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Southport, Manitoba, Canada
Steve Pomroy is a professional flight instructor and aviation writer. He has been teaching since 1995 and holds an Airline Transport Pilot License, Class 1 Instructor and Aerobatic Instructor Ratings, military QFI, and an undergraduate degree in Mechanical Engineering. He's written and published three flight training books through his company, SkyWriters Publishing, and has several other books under development. Steve currently teaches RCAF pilot candidates on their Primary Flight Training course.

Tuesday, November 9, 2010

Piloting as a Profession: Part 5, More on Training Standards

... Continuing from the previous post (Part 4, Training Standards) and considering the question, "What single change could be made that would result in the most improvement in the flight training industry?":

The whole point of training is to enable students to learn from the experience of others. This suggests that we need experienced instructors, who can then pass on that experience for their students’ to benefit. So, the most important thing we need is better trained and more experienced instructors. An instructor who just barely has a Commercial Pilot License is not usually capable of providing high-quality instruction. 200 hours (ok, 230 hours) really isn’t enough time for an instructor to build up their own experience bank to draw upon when teaching.

This wasn’t always the case. When the training paradigm currently used in aviation was developed, 200 hour pilots had flown multiple high-speed, complex aircraft and had survived over 100 hours of combat. The very fact that they were alive provided a testament to their abilities and experience. No such filter exists today (thankfully!).

Does this mean that a 200 hour pilot can’t be a good instructor? Of course not. Notice that I said "usually". But making policy or regulations based on the occasional exception is a poor approach to quality control.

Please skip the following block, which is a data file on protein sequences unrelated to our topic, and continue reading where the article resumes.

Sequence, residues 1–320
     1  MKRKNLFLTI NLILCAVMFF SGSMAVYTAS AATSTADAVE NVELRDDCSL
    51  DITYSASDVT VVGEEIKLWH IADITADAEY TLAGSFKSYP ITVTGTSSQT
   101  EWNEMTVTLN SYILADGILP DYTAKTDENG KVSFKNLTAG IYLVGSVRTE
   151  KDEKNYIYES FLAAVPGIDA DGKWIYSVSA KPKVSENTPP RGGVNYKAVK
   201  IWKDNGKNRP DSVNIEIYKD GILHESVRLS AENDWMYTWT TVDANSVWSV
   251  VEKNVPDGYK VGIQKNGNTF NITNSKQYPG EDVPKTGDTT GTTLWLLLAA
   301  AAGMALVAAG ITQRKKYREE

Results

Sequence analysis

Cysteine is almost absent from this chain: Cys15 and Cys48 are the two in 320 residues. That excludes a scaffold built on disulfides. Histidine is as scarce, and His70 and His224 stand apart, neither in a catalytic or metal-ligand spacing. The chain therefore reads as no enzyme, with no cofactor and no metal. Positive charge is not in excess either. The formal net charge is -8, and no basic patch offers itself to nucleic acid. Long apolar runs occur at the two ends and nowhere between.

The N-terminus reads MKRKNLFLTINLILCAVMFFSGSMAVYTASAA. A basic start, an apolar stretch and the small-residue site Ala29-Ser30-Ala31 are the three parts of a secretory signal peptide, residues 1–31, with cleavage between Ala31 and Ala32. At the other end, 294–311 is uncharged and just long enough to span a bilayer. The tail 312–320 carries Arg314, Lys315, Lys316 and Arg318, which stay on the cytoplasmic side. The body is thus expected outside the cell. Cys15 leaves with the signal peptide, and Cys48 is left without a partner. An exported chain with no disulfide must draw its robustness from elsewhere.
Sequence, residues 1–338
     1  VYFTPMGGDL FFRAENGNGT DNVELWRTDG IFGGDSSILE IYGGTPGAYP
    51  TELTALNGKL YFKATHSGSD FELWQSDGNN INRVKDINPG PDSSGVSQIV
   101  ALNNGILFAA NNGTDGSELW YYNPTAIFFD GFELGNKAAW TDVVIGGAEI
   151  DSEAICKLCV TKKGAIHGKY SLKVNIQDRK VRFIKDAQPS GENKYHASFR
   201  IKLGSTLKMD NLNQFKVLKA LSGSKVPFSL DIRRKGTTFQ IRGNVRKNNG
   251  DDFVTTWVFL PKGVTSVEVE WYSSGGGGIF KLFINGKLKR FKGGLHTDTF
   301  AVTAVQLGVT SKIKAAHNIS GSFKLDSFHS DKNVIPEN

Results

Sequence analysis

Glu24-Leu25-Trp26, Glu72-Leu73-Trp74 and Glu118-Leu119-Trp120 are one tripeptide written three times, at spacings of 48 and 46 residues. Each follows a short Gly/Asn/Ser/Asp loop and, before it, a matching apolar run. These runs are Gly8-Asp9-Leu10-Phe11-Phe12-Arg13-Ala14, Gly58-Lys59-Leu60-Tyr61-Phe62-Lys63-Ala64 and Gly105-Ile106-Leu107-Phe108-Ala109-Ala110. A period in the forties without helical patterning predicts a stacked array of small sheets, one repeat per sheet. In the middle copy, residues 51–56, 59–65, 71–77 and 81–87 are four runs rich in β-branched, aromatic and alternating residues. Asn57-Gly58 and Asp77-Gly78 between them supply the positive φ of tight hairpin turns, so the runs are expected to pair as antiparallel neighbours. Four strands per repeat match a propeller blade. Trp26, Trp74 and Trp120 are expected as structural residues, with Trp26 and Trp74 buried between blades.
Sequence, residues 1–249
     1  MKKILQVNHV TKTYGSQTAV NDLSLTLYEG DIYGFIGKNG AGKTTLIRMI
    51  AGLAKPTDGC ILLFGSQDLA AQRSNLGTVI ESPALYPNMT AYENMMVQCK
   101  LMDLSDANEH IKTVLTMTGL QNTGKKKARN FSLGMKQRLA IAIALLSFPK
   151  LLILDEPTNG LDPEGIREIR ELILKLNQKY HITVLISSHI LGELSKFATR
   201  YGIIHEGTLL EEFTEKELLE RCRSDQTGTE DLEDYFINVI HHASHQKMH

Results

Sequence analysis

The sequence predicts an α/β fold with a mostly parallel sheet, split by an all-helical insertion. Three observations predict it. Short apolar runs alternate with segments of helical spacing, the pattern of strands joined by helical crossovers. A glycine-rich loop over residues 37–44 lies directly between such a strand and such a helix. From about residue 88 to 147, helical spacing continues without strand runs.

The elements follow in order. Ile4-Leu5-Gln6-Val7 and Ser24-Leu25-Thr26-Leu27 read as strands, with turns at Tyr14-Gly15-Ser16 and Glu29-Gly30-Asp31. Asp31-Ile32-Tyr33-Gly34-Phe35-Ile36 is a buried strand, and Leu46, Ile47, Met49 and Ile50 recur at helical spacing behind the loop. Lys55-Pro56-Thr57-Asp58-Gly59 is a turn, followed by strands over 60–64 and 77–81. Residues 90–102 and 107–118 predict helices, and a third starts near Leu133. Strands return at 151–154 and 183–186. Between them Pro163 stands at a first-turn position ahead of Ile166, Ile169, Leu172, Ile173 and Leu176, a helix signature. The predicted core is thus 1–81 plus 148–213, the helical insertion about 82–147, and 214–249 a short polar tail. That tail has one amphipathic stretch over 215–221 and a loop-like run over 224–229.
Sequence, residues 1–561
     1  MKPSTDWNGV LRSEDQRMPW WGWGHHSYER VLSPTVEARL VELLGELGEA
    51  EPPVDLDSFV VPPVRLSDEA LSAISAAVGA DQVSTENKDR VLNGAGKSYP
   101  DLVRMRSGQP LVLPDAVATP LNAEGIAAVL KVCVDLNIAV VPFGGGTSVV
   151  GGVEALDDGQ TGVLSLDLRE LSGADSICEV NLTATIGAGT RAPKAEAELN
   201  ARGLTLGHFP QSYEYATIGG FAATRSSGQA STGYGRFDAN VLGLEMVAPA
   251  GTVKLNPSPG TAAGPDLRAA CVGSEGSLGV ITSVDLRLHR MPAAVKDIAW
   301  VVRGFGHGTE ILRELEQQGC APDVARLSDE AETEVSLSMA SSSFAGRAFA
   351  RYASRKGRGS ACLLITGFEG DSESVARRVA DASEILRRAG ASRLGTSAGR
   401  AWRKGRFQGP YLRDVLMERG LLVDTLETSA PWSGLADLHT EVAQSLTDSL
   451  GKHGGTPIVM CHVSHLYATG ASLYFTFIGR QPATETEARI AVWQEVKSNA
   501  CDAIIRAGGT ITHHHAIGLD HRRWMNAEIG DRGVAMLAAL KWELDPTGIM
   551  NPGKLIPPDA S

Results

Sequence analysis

Increasing the experience requirements for instructors doesn’t just get us better instructors through a direct increase in experience. It also impacts motivation. If the experience requirement is increased enough, it cuts off instruction as an entry level job for time-builders. By the time an instructor candidate is qualified to teach, they will have enough flight time to have other career-path options. This means we’ll only get instructors who want to teach. Right now, there are far too many instructors who just want to get hours at somebody else’s expense—they don’t really want to teach. More often than not, this motivation shows up in the quality of work. So we often have a compound problem in that an inexperienced instructor (who is already limited by a lack of experience) also doesn’t want to teach. Both aspects of this problem can be eliminated, or at least significantly reduced, by a large increase in instructor experience requirements.

So how much experience should be required of instructor candidates? I don’t know, but I think it’s a question worth investigating. I’m inclined to suggest that an ATPL should be required for an instructor rating. But I don’t have any facts or figures to support this, it’s just a gut instinct.

Are there any "cons" to this approach? Certainly. The only significant one I can think of is in the training of Private Pilots. Increasing instructor experience requirements will also increase the cost of training, since the instructors will be paid better. I’m loath to suggest changes that will drive up the cost of training, as it is expensive enough as it is. But short of having different instructor qualifications for teaching PPL and CPL candidates (I don’t think this would work very well), I don’t see a way around the cost increase.

But what about all those pilot wannabe’s that now can’t live the dream because we’ve cut off the primary time-building option? Nonsense. This "problem" will quickly sort itself out through changes in the supply and demand dynamic. What will actually happen is that pilots fresh out of flight school will have the opportunity to fly Part VII operations much more quickly because the supply of high-time ex-instructors will disappear. Will this negatively impact safety? No, because the increase in the quality of training will cover the shortfall of experience—that’s the whole point of the change. Will there be an adjustment period? Yes, and it will have to be managed carefully.

Will this change, in and of itself, fix everything? Nope. There are changes needed in the training program and completion standard for both the CPL and the ATPL. However, this one change would fix many of the problems we see. Further, outside the training industry, there are changes needed to improve the industry overall (duty time limits and whistleblower protections come to mind).


Happy Flying!

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